If you’re lucky when you look up in the sky at night, you might see a shooting star. As you’re making your wish, what you’re actually seeing is a small piece of rock or space junk burning up in the atmosphere. The friction of re-entry causes the shooting star to ignite and burn, which is why you see a brief flash of light.
Recently 3D printing has moved from a hobbyist's best friend to one of the most useful tools in nearly every industry. With a computer and a bit of heat, you can turn strings of plastic filament into nearly anything. More advanced types of 3D printers can even lay down layers of metal, glass, or cement. There is even a 3D printer in orbit above the Earth on the International Space Station. What are the benefits of 3D printing in space and will we see more of it in the future?
On March 21, we have a great opportunity to observe the dwarf planet Ceres. It will be at opposition, which means it will reach the highest point in the sky at around midnight and opposite to the Sun. At the same time Ceres will be closest to the Earth (perigee) at a distance of 1.59 AU. At this time it will be the brightest, with an apparent magnitude of 6.9. Look in the constellation of Coma Berenices with binoculars or a telescope.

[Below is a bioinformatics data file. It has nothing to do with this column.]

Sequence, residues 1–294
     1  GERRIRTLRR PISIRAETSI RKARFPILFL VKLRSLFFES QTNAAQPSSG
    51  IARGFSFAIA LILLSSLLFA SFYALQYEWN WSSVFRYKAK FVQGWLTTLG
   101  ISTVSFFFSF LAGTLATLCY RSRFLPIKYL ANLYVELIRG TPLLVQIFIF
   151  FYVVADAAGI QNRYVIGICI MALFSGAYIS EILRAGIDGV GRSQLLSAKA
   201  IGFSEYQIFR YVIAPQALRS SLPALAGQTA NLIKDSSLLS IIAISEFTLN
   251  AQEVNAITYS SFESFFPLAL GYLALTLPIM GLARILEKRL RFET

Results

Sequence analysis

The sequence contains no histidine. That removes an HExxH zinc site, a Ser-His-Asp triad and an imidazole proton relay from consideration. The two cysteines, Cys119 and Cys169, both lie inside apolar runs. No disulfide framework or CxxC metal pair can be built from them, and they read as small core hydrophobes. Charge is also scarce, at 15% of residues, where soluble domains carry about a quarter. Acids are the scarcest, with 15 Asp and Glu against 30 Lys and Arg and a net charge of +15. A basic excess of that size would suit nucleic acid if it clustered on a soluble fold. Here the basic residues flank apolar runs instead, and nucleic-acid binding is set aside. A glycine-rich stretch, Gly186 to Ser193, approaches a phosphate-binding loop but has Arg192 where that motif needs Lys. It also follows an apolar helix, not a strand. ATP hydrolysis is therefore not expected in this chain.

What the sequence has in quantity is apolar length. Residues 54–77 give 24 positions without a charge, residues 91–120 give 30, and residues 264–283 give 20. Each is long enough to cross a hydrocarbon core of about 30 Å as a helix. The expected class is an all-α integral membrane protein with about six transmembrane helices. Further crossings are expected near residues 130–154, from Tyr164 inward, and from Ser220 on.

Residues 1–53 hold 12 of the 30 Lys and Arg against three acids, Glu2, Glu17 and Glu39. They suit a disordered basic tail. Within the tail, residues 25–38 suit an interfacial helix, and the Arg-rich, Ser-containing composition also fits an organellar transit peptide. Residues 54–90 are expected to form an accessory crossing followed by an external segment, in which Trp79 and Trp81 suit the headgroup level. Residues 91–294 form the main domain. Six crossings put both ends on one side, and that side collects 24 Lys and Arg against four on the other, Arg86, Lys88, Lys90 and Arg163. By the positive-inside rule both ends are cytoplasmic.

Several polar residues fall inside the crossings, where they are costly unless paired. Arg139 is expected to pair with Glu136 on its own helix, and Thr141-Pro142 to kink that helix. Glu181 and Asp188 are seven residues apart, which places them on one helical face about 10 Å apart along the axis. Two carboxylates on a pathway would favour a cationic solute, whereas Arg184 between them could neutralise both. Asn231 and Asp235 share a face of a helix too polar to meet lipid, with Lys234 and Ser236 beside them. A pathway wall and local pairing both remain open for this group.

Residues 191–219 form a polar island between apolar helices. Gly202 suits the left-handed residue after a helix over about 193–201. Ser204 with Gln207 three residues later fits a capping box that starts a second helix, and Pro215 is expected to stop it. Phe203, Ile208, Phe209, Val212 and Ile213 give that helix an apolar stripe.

ESA's Gaia spacecraft reveals the largest image of the Milky Way with 1.7 billion stars, aiding astronomers in studying galaxy formation and evolution.
Jupiter is named after the king of the Roman gods, and with its massive size, it definitely holds the title of king of the Solar System. NASA's Juno spacecraft entered orbit around the gas giant in July of 2016. Due to a problem with the craft's propulsion system, NASA is currently debating whether changing Juno's course is the best option. What is Juno looking for out there among the stars?
Explore Vesta, the second largest asteroid in the belt, in this captivating photo by the Dawn spacecraft. Get ready for a year of intriguing discoveries!
Tether propulsion consists in using long, very strong cables (known as tethers) to change the velocity of spacecraft and payloads. The tethers may be used to initiate launch, complete launch, or alter the orbit of a spacecraft. This form of propulsion would be significantly less expensive than spaceflight using modern rocket engines.